It’s Foodie Friday and today I’d like us to consider some of the things about food that I, for one, find mysterious. As usual, there’s a business point we can take away from these questions as well.
Let’s start with an easy one. What are the different flavors of Froot Loops? Purple in food tends to imply grape and yellow, at least in cereal, makes me think banana. Well, as it turns out, there is exactly ONE flavor and it’s neither strawberry red or blueberry blue. Why do the loops taste different to some folks? It’s a mystery.
Why are French Fries called that? No one knows, exactly, although there are a few theories. They’re “frites” in France and “chips” in Britain. The History Channel attempted to get to the bottom of the question but came up without a definitive answer, just theories.
Why are deviled eggs called that? I know that “devilling” originally meant making it spicy or searing it over high heat. What changed in the interim? Why is steer meat “beef” and pig meat “pork” but chicken is…well…chicken? Why are the holes in Swiss Cheese disappearing?
I could go on but I’m trying to show you that even the most basic things that we take for granted can raise questions, and those questions often don’t have definite answers. We find that all the time on business but we have to be willing to ask the questions first. One of the most formidable business weapons is an inquiring mind. A mind of that sort which is open to having their assumptions rebutted is an even greater tool. This happens in science all the time and that’s where many great discoveries are made as knowledge grows based on questioning the world around us.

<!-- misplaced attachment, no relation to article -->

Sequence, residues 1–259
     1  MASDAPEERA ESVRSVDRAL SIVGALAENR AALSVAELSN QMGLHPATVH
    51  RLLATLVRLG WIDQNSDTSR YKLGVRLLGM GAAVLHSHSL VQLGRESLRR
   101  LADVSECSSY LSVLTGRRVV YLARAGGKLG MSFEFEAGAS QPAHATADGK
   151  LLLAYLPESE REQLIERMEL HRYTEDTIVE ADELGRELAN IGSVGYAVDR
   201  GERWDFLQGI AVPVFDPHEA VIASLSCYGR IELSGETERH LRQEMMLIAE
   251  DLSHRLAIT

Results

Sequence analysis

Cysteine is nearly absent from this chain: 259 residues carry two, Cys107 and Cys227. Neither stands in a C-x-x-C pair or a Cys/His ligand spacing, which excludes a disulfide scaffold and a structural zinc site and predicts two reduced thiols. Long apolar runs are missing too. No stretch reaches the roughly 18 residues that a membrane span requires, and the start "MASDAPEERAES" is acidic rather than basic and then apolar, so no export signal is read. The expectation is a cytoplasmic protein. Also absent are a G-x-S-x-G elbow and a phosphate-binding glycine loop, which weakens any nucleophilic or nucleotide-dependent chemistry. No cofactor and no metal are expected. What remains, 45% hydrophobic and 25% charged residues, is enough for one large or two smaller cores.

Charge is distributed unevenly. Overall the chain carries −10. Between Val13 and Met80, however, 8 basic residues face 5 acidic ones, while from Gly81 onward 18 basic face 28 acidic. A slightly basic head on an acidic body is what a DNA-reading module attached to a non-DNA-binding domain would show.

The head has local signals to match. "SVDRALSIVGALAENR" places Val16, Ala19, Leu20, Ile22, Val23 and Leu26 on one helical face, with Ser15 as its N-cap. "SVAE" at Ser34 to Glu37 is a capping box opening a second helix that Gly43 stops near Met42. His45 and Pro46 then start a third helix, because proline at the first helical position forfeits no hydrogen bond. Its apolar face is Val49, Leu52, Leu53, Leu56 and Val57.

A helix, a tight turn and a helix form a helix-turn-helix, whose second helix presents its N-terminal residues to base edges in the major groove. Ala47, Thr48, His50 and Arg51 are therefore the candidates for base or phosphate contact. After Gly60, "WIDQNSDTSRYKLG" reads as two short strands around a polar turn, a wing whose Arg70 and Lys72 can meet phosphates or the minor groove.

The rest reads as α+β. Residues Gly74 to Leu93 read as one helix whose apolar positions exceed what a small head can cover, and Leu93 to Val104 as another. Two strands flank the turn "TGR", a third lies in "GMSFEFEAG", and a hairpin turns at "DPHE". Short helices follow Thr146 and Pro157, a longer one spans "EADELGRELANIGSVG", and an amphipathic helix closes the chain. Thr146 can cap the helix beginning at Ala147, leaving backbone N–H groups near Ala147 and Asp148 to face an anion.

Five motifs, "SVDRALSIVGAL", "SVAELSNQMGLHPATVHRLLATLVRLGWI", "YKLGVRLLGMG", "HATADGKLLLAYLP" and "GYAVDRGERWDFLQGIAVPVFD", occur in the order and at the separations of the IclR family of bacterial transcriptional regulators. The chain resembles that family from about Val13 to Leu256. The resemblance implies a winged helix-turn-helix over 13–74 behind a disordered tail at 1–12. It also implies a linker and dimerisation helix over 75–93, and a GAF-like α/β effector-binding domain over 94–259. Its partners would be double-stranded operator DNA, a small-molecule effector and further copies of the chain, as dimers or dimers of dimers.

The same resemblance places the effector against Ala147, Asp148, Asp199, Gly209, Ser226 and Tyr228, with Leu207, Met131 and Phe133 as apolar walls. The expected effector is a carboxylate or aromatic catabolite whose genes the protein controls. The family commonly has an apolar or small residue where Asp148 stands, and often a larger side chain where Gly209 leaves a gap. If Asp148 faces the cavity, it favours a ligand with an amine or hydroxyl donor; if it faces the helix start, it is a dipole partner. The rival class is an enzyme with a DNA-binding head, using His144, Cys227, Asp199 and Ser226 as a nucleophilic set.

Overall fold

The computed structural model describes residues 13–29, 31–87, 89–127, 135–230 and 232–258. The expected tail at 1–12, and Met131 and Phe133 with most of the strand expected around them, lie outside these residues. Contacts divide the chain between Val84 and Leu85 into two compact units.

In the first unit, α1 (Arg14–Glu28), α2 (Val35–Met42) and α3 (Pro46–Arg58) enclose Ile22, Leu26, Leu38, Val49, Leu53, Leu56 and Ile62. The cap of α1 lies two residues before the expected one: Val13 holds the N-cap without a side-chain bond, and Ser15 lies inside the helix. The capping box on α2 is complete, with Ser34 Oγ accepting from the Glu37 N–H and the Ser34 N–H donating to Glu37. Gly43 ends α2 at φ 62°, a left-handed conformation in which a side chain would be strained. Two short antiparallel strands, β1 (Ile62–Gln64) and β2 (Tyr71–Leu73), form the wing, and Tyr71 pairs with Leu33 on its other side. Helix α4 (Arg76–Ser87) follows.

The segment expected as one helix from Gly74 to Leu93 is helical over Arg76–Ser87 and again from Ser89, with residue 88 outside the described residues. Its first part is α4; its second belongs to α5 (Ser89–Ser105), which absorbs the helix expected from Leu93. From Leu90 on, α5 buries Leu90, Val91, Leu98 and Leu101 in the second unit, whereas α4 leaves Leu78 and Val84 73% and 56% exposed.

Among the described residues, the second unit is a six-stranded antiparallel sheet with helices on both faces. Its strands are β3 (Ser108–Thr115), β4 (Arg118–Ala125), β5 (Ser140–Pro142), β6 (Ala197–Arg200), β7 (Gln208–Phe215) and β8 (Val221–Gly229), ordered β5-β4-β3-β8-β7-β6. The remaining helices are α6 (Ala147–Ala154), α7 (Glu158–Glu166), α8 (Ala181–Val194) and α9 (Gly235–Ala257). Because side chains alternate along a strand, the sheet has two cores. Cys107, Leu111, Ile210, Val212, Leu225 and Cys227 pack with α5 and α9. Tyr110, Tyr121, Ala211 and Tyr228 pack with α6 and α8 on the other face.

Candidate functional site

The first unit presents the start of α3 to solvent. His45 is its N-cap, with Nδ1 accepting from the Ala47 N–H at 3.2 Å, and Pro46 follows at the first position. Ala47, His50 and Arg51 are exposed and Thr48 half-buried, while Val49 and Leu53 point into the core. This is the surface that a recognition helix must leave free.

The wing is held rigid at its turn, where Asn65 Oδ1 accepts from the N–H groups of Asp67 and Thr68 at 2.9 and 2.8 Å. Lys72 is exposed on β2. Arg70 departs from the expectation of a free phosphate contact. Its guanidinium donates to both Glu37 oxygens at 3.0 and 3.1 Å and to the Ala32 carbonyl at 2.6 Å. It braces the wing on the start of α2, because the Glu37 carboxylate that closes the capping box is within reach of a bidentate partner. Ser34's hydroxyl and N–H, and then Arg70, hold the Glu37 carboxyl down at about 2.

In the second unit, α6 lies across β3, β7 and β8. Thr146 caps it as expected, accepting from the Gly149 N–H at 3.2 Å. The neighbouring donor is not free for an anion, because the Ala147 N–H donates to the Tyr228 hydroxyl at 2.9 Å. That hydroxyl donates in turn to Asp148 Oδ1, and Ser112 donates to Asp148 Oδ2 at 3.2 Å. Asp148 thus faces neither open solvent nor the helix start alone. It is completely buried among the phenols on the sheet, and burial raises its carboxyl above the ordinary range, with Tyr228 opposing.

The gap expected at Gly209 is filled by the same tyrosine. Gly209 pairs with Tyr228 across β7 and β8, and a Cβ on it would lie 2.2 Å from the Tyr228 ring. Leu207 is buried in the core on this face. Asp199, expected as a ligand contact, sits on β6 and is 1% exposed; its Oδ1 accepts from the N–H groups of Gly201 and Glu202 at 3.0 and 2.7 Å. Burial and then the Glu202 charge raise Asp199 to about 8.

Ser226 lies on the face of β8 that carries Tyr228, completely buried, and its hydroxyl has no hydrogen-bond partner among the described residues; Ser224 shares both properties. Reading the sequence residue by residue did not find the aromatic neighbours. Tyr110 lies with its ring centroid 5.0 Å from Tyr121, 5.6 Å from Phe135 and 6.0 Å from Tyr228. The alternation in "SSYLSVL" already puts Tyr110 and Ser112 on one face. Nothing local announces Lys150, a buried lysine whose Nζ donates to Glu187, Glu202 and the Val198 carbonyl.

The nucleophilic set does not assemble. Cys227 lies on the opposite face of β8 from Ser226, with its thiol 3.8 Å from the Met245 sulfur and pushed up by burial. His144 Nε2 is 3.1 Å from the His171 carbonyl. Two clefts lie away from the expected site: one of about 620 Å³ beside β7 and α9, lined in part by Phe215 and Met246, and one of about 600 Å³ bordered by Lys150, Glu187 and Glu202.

You might not know what’s in surimi (it’s fish, not crab) but you can enjoy it just the same. Still, you might ask why “Krab” or “Froot Loops” or “Cheeze Whiz” are spelled that way. That first question leads to many others (not the least of which is do I really want to eat this). We need to constantly question thing in business too, don’t you think?